That the whole war was launched under false pretences – erroneous information at best, lies and fabricated intelligence at worst – is now commonly accepted. How exactly these pieces of dubious information found their way into the most sensitive briefings, and the most solemn speeches, is a story in its own right, which started way before 9/11, and involved a country whose fries would later be called "freedom fries" as payback for the lack of support and open hostility to the toppling of Saddam.
Back to the beginning
Sometime in the year 2000, the French intelligence post in Brussels was contacted by an Italian national they knew quite well already. Rocco Martino, an ex-Carabinieri and former operative of Italy's military intelligence SID (later SISMI), had worked with French DGSE in the 1990s, liaising between French and Italian authorities on issues related to the ongoing civil war in the former Yugoslavia. He had been dismissed from SISMI in 1999 and was working as a "freelancer", selling information and intelligence to whoever was interested in what he had to offer.
During his first meeting with French agents, he never went into any specifics. It seemed almost as if he was just interested in letting people know he was there and might have something worth looking into. It took a few more months before he resurfaced, in the beginning of 2001. Another meeting was organised, because Martino had apparently some stunning news that he wanted to share with the French: according to his sources and documents, Iraq was trying to buy uranium ore, hundreds of tons of it, from the African country of Niger.
Suspicious about something they had never even suspected, the DGSE operatives nevertheless agreed to pay off Martino in exchange for his documents. Niger and uranium were too sensitive an issue to let go of any information, however unlikely it was. Niger was a country under strict surveillance by French military and intelligence, with hundreds of French informants spread all over the Nigerien administration and government. French companies were extracting the uranium ore from Nigerien mines and were buying it to produce uranium rods for French nuclear power plants … and French nuclear weapons.
There was no way DGSE could not pay attention to Martino. Very quickly though, the analysts at DGSE headquarters near Paris realized the documents were forgeries. DGSE broke up contact with Martino and never heard of him since. The Italian freelance intelligence broker however didn't seem too bothered by this setback. Having been turned down by the French, he went right next door, to the British counterpart of DGSE and offered them the same package.
Passing on the pop-corn
He got more lucky this time. The British forwarded the documents to the CIA, which in turn got back to the French for a check-up of these alleged facts. Despite the French confirming the fabrications, the CIA insisted on an official inquiry. In June 2001, a team of French experts travelled to Northern Niger to determine whether there could be any truth to uranium shipments to Iraq. They came back with the same answer as before, but again the US asked for a more thorough investigation. The DGSE extended its search as far as Namibia, but still came up empty handed.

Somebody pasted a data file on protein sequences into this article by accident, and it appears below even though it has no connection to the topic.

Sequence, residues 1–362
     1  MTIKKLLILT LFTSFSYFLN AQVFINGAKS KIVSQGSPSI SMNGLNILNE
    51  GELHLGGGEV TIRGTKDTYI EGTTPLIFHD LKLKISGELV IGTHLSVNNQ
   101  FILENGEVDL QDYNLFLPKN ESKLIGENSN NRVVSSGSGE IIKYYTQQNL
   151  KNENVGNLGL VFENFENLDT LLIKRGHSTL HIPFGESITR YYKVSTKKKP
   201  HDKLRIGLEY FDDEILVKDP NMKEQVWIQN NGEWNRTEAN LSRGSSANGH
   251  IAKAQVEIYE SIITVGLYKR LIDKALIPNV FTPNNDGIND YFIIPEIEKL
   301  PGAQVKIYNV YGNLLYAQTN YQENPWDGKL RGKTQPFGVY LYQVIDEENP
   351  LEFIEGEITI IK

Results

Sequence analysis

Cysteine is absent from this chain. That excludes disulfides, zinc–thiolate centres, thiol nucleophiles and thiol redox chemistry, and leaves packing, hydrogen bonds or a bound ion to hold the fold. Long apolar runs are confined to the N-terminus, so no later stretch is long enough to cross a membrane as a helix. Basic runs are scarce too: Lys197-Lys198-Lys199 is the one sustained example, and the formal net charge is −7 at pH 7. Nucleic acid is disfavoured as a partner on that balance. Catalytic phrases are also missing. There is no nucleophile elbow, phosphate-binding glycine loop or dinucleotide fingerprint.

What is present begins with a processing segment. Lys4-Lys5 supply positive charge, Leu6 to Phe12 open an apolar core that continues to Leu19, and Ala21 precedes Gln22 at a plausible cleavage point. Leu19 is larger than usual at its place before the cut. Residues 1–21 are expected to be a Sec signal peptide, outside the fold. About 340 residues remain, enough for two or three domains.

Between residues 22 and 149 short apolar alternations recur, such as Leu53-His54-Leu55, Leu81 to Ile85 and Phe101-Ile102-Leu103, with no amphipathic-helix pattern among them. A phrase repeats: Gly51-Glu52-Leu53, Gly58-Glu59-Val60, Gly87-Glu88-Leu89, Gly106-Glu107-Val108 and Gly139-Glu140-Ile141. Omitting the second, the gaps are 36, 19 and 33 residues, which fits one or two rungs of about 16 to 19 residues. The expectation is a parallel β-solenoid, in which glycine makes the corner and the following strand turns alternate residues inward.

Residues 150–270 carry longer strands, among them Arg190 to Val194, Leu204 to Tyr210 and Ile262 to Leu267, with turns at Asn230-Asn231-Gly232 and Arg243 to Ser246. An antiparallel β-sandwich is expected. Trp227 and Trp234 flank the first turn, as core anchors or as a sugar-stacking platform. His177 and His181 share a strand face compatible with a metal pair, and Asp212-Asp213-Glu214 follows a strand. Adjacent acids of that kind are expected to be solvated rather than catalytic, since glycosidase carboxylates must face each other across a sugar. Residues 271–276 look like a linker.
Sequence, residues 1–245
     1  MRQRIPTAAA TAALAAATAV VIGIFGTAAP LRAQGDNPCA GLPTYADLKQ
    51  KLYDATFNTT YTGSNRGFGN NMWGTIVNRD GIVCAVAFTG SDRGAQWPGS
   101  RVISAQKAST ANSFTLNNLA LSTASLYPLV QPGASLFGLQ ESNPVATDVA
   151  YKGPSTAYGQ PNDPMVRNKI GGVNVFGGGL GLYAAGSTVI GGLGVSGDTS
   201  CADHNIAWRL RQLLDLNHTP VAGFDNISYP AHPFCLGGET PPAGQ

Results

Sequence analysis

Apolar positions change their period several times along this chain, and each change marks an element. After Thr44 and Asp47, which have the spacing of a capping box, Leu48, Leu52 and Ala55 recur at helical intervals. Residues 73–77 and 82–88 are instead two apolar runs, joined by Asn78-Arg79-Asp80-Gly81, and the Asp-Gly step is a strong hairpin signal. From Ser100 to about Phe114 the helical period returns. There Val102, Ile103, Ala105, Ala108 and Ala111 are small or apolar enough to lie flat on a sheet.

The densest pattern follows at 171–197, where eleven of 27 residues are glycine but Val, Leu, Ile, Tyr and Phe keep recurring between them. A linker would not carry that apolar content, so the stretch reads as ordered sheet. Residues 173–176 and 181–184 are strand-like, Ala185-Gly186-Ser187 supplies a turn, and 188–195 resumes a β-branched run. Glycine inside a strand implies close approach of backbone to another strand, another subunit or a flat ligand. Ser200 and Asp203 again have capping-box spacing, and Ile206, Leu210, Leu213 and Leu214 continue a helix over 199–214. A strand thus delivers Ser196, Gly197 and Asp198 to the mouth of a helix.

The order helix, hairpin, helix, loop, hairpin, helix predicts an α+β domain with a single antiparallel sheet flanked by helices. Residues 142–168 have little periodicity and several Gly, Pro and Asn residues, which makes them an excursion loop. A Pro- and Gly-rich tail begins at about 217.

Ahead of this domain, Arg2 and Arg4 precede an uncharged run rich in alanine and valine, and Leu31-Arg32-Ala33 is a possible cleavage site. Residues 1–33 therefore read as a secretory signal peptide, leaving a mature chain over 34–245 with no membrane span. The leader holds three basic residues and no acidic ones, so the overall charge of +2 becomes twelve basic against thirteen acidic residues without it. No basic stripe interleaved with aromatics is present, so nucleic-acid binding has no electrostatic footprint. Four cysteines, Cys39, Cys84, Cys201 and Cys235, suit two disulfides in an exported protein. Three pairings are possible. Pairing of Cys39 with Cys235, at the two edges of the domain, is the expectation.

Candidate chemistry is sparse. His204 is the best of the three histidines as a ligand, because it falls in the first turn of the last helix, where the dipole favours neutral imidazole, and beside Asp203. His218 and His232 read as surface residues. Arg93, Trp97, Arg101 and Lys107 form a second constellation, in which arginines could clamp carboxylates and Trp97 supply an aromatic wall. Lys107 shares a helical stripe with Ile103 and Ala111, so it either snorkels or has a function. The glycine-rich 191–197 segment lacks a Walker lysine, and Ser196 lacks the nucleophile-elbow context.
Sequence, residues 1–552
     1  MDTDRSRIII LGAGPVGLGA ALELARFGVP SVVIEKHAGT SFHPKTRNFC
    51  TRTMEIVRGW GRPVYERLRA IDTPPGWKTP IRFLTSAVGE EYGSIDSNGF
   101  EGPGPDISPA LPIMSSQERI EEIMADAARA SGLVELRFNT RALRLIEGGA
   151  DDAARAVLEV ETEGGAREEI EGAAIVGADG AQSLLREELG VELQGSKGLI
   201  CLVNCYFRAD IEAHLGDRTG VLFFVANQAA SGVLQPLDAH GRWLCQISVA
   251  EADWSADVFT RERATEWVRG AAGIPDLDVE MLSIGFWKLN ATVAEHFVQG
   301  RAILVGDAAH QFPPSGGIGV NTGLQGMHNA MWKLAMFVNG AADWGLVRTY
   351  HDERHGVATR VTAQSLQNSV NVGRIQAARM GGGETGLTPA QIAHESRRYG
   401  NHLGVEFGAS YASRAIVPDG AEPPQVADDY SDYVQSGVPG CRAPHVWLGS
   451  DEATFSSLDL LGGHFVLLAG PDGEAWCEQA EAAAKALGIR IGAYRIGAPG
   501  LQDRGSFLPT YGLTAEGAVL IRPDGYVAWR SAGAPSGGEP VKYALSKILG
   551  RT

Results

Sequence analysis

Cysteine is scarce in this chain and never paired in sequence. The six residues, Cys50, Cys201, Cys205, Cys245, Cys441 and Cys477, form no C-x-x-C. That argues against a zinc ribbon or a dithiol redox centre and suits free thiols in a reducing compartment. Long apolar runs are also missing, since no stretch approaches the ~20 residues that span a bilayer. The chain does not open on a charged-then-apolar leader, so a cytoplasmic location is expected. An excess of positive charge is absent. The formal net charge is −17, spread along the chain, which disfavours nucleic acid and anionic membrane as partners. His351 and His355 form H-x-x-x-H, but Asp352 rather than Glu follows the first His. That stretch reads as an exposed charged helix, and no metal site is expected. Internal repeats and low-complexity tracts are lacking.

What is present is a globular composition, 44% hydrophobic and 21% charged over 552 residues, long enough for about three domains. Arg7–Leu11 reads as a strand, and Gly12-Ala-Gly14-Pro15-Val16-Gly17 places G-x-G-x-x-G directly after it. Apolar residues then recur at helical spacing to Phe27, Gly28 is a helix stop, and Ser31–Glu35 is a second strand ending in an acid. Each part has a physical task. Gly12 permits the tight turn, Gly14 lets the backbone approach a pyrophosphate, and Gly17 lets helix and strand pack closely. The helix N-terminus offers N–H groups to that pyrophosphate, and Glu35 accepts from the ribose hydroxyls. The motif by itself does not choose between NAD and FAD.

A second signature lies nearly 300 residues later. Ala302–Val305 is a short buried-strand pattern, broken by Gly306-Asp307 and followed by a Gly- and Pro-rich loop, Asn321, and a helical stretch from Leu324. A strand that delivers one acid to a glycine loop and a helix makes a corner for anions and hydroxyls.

That is where the buck stopped, and things should never have gone any further. But then, the 9/11 attacks happened and changed everything. Almost overnight, plans that the Neo-Con clique had kept locked up in their offices re-emerged. In the midst of all the confusion, the anger and the mourning for the victims, the name of Saddam Hussein was mentioned more and more in connection with Osama Bin Laden. Theories with no real or credible basis were being presented as facts.
It was clear that Iraq and its dictator were on top of the US administration's wish list, possibly even above the capture of Al Qaeda's leader. General Wesley Clarke has made public statements in this sense, saying how surprised he was to see "Iraq" being put on the table just a few days already after the 9/11 attacks. By that time, some people in the White House and the Pentagon had decided Saddam Hussein was to be made an issue again, and the spin doctoring and media circus started.
There have been a number of now famous ghost stories that were being circulated at that time and it shouldn't come as a surprise that the non-existent "yellow cake" deliveries featured prominently among them. As with other segments of the media campaign designed to win over the American public, the mechanism was always the same. It was based on the idea that whatever info you fed into one end of the global media system, it would come out at the other end as well, i.e. in the United States, thus giving the information more credibility, as it could be traced back to foreign sources or media outlets.